Farmington Dragway Kicks off 2015 Season


Gear Jammin’ At Farmington Dragway

The Burnout at went back to the heart of true blue-collar weekend warrior drag racing this weekend as we joined the Classic Gear Jammers drag racing organization for their first race of the 2015 season.  Mocksville, NC’s historic 1/8 mile concrete dragstrip played host to a series that holds true to it’s old school racing style, which consists of all American classic, wheel standing four and five speed stick shift cars and trucks running a dial-in, break-out format.

As the gates opened, over 46 Gear Jammin’ competitors rolled in with a sense of anticipation and excitement.

“We are thrilled about the turnout from our members today,” said Classic Gear Jammers President and Marketing Director Sherri Gerringer.  “As electronic gadgets and other advances in drag racing, like nitrous, continue and drivers begin to look into officially retiring from the sport you tend to question how many will not only continue to compete with us, but do so on a regular basis.

Ken RegenthalDuring our time at track, we caught up with a few Gear Jammer veterans who were excited about the start of their season, including our first Behind The Wheel featured driver and Farmington Dragway legend, Ken Regenthal.  “Although I have been competing with this organization for more than 10 years, every year is more exciting,” said Regenthal after his qualifying run.  “I put a lot of work into the Carolina Hooker over the winter including putting in a new Liberty Transmission and new clutch.  Usually my car will run around a 5.90 in qualifying at this track, but I just ran a 5.70, which is the fastest that this car has ever been.”

As this Farmington Dragway Wall Of Fame inductee competitive runs continued on Saturday, Regenthal would race his way all the way to the semifinals before a bad light would end his day.  “This car ran like it was on rails today,” said Regenthal.  “Unfortunately, a bad light ended my day a little earlier than I had hoped, but overall I am very happy with how this day went.  In fact, I picked up over two-tenths from last year.”

We also had an opportunity to talk to another well-known member and successful driver, Tom Talmon.  Despite a difficult start to his day, this optimistic competitor had high hopes for his 1955 Chevy Bel Air.  “Just getting here today was a struggle,” said Talmon.  “My team and I worked on this car until 10 or 11 p.m. every night this week and after having to rebuild the wheel cylinder, which was leaking on Friday, I thought that we would get here early and make some extra passes.”

Unfortunately, this plan wouldn’t exactly fall into place as Talmon would pull his car out on Saturday morning and find out that his master cylinder had given out.  “As a result, I found myself having to travel to Greensboro, NC to find the part I need only to arrive here at noon, when our time trials were set to begin, so you can definitely say that today has started off adventurous,” said Talmon.  Although Talmon’s qualifying pass wasn’t exactly what he had hoped, things were looking up during his first round after he defeated eight-time IHRA World Champion, Mike Boyles.


Things would go south for Talmon in the second round when he drew Saturday’s feature winner Ricky Skeens. “Ricky had a .004 green to my .005 red,” said Talmon.  “I am just glad that my car improved as the day wore on, it definitely needs some work prior to my next race though.”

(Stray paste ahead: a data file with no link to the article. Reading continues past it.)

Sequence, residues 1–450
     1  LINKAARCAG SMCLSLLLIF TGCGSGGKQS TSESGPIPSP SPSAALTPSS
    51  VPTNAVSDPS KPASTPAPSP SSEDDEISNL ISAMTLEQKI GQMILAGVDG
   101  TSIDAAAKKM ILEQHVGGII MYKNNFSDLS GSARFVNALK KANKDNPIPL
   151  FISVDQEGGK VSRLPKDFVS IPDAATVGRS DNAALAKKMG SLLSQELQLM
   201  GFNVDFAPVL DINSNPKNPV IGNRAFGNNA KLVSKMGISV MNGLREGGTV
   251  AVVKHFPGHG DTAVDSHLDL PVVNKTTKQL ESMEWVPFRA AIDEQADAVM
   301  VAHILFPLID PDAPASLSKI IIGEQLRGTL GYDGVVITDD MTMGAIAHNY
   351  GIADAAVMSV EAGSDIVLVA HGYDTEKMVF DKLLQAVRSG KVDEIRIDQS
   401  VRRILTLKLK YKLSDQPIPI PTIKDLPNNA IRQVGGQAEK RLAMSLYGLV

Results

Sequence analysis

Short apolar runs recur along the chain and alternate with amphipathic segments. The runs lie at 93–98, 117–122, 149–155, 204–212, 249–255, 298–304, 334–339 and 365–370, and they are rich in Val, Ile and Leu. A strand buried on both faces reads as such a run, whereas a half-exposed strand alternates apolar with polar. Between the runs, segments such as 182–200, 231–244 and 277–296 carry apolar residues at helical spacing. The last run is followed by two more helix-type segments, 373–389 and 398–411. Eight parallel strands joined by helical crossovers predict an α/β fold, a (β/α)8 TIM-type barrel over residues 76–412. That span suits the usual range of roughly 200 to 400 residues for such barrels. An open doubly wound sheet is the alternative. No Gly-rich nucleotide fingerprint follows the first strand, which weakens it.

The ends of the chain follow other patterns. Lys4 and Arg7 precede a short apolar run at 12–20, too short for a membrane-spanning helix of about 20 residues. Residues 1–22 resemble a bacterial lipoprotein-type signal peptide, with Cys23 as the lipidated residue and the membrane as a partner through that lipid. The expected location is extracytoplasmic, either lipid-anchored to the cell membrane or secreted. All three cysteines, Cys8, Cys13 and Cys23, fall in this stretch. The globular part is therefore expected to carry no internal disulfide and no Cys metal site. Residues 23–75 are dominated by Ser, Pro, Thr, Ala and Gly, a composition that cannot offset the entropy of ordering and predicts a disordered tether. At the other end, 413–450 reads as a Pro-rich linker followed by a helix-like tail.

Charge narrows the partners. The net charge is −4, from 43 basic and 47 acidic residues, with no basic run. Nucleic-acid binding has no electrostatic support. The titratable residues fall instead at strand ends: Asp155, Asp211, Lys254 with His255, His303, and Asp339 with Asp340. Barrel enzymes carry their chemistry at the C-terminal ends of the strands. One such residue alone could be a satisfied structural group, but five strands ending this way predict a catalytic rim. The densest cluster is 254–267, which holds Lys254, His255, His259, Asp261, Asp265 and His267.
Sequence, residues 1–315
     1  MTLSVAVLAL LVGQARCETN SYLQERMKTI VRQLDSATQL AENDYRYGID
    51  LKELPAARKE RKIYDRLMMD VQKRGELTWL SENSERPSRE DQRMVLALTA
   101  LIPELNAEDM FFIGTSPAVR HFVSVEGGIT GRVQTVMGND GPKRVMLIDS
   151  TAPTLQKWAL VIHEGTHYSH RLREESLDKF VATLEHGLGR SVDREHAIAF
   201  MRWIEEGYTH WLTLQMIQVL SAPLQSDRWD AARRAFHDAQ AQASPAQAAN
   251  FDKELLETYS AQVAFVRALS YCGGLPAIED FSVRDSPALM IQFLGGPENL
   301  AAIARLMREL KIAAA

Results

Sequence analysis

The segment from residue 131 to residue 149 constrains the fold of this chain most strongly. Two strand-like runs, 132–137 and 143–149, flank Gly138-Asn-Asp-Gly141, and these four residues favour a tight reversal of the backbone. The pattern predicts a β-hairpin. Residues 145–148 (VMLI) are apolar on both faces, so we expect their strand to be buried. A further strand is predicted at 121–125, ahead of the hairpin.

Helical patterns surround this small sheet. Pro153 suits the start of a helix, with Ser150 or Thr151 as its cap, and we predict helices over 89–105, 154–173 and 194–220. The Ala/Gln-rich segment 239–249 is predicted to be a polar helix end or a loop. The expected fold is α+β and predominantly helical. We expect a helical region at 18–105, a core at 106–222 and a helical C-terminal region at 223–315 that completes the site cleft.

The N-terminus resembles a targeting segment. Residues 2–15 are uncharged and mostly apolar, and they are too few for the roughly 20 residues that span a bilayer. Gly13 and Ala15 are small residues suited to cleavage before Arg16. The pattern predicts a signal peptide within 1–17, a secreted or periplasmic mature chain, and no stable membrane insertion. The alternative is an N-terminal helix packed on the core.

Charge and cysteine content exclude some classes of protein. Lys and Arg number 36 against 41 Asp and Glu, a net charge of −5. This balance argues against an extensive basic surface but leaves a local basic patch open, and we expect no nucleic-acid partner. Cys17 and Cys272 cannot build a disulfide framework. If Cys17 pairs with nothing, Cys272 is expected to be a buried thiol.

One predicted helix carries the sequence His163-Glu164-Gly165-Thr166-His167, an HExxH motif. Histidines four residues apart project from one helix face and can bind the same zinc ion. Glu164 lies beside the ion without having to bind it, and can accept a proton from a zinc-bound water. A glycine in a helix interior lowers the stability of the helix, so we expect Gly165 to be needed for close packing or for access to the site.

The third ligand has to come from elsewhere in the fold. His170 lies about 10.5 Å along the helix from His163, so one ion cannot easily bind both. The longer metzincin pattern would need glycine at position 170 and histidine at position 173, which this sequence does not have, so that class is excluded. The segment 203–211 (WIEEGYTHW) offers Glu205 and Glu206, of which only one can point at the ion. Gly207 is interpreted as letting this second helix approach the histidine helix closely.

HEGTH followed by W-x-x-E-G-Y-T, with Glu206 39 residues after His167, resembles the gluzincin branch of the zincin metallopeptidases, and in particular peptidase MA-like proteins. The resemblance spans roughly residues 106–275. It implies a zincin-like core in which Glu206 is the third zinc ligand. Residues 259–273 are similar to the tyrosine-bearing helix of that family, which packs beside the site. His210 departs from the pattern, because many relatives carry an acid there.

We had an opportunity to catch up with the eight-time IHRA World Champion and three-time Gear Jammer Champion Mike Boyles, better known by his nicknamed car – Charlie Brown, prior to his first round.  This King, NC native is a legend within the sport as well as the Gear Jammers organization.


“I have been running this car in the IHRA since 1971 and when I got a little older I assisted with the start of this organization in 1990,” said Boyles.  “The cost of traveling and racing nationwide was just astronomical so myself and a few other founding members decided that in order to keep competing like we were we needing to keep our racing a little more local.”  Although he enjoys competing against those who continue to come up through the Gear Jammer class, Young admits that he misses competing against legends like Rick Nikola, Ronnie Flint and  Ronnie Skinner.  “These guys were true legends of their time and while there is a lot of talented drivers who continue to join our organization, I will never forget competing with them,” said Young.

Winner - Ricky Skeens


As the long day wore on, it would come down to two drivers who would take it to the final Gear Jammer feature elimination round.  The 1972 Plymouth Duster of Ricky Skeens and Ford Duster of Tommy Lumley would come to the line for the final pass with Skeens taking home the first big win of the 2015 Gear Jammer season with a pass of 6.81 seconds at a speed of  99.47 mph.  “It was just my day,” laughed Skeens.  “Everything worked flawlessly: the car hooked all day, my reaction times were good, and my E.T.’s were consistent.  With 45 other competitors in attendance, the competition was the best you will find.  In summary, I was very fortunate to be the last one standing!”

Stay tuned to The Burnout on as we continued to follow these and other weekend warrior legends throughout the 2015 race season.



About Ellen Richardson 489 Articles
Ellen Richardson is the author of Behind The Wheel for This automotive sports junkie has a passion for telling an athlete's story while also covering various racing activities. Find out more about her at or follow Ellen on Twitter at @ellennrich or Instagram at elnrich33.

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